Shortly afterwards, Nelson finally convinces Carleton to accept his solution. Carleton goes off to inform Weber--and promptly ends up dead. Considering how close this followed the first "accidental" death, everyone should have suspected foul play. Instead, Crane believes that this scientist (dithering or not) somehow "blundered" through a closed, prominently marked door and fried himself on the transformers. Even more unbelievably, Nelson accepts this.

    Weber's drug must have contained a hypnotic of sorts as well as an anger-inducer. After jabbing a roomful of crew, they all promptly decide that he's right--after all, he's a famous scientist. No one mentions that Nelson is also famous, as well as being well known and trusted by them all.

    Sharkey has recovered from his bout of the drug--and they have discovered that he was, indeed, drugged. This should have caused them to suspect Weber instantly, but they didn't. There is a very brief mutiny of several members of the crew. Nelson casually switches on his intercom, notifying the Control Room of what's going on, and Sharkey rushes to the rescue.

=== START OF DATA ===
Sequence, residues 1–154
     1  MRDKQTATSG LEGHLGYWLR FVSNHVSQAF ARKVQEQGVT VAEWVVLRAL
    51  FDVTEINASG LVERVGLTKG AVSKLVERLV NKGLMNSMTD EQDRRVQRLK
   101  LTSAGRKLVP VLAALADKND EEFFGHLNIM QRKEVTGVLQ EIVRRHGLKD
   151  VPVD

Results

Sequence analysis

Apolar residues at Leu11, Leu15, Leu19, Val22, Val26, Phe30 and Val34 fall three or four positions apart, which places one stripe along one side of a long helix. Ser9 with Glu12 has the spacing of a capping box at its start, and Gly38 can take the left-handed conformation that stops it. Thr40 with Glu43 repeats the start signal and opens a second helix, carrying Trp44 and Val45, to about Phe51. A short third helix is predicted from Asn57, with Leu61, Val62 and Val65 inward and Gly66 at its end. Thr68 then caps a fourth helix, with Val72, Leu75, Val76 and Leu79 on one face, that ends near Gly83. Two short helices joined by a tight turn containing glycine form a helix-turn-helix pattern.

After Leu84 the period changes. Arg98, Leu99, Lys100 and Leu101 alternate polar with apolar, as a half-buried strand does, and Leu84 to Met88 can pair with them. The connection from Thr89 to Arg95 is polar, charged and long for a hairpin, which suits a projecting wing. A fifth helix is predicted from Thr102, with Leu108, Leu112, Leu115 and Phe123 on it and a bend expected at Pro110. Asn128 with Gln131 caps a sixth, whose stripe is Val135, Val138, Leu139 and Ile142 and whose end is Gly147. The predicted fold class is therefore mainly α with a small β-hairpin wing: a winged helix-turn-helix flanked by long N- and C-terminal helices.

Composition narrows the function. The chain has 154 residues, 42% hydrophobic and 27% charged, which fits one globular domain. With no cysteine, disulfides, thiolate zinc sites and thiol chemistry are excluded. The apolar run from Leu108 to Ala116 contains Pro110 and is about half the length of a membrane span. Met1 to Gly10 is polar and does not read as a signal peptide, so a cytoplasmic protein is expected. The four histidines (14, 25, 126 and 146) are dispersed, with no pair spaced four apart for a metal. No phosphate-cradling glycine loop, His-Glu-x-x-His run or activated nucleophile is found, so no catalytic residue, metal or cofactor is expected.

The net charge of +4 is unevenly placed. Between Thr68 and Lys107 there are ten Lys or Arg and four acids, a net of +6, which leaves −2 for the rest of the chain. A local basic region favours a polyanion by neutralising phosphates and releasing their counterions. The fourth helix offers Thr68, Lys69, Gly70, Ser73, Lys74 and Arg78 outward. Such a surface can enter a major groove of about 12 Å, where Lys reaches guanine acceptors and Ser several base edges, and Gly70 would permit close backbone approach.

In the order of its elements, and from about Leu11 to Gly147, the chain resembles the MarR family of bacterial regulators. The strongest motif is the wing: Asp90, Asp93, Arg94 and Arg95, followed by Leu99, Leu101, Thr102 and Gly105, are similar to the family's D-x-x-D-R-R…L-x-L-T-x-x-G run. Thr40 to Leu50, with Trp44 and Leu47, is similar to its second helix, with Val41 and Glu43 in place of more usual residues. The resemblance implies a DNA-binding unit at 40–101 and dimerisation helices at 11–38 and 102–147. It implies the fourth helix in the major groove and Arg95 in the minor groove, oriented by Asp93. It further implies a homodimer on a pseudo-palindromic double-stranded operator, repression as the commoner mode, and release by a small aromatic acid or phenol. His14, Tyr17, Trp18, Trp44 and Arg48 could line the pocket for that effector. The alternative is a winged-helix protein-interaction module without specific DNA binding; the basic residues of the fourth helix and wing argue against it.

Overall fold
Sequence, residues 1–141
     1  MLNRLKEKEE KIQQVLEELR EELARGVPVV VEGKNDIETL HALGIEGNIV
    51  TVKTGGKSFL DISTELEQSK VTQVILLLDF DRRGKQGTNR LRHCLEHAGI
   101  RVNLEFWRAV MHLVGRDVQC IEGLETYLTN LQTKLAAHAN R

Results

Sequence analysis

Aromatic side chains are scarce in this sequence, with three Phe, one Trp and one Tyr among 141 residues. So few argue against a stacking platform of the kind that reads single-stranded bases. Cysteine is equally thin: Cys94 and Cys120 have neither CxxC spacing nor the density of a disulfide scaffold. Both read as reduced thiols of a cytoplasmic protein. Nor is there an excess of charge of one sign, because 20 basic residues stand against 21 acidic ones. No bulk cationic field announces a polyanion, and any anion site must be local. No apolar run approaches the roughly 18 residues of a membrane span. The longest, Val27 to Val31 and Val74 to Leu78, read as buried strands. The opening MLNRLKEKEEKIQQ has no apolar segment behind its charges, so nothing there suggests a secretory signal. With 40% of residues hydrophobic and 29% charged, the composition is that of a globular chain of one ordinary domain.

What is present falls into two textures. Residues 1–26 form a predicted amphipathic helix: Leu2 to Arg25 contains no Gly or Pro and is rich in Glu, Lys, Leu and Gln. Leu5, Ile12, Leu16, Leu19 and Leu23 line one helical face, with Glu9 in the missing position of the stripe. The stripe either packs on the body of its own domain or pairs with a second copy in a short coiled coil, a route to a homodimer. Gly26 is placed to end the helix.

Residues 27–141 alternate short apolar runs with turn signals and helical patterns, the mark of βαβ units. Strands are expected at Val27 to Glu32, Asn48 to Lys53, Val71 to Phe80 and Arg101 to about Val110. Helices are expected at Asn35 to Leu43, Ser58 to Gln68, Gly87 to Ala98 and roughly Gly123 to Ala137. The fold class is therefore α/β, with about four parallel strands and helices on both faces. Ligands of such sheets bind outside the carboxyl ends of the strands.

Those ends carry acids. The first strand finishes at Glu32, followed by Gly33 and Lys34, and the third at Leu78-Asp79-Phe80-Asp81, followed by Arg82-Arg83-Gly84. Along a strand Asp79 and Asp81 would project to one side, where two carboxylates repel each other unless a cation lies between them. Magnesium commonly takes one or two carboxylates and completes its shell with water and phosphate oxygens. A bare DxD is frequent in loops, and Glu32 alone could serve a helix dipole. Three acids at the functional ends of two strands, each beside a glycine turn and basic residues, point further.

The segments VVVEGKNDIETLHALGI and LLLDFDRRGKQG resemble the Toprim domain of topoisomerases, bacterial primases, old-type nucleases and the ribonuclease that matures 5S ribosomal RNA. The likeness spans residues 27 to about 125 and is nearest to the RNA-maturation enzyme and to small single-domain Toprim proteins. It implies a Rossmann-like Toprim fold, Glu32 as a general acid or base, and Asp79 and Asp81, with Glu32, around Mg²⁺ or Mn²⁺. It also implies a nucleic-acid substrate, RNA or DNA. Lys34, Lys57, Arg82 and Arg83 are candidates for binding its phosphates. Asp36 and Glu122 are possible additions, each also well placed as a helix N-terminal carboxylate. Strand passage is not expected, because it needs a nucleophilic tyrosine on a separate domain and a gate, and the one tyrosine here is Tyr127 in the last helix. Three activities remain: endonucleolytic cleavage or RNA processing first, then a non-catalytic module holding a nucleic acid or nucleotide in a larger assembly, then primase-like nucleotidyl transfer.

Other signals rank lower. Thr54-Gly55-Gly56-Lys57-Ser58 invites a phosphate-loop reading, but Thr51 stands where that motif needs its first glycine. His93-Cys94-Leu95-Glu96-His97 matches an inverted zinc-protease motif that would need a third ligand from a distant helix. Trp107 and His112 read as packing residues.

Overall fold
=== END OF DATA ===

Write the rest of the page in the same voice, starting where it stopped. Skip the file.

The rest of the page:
Weber arms himself with a gun and grenade, and holds the Control room personnel at bay until they get past the launch deadline. Crane overhears Weber, and, very sensibly, does not attempt to overpower him, instead slipping down the to Missile room to go outside and rig the missile with a timed launch device. (More stock footage.)

    I found the end irritating. It would have been more satisfying to have that self-righteous Weber live and know that he was WRONG! Sharkey redeems himself entirely by launching himself at Weber as he loosens his grip on the grenade. By a miracle (known as "renewal of contract") Sharkey missed the brunt of the blast.

    The finale has the same problem that the movie did. Nelson's been proved right, they're heading for home, all's well with the world...well, no. Thousands are dead, millions or billions of acreas have been scorched by heat and flame, the melting ice cap will wreak havoc with the ocean levels, and there will no doubt be some very hard feelings on the part of the Southern Hemisphere population. All this would cause some major alterations in the workings of the world...which would all be tidied up by the next episode.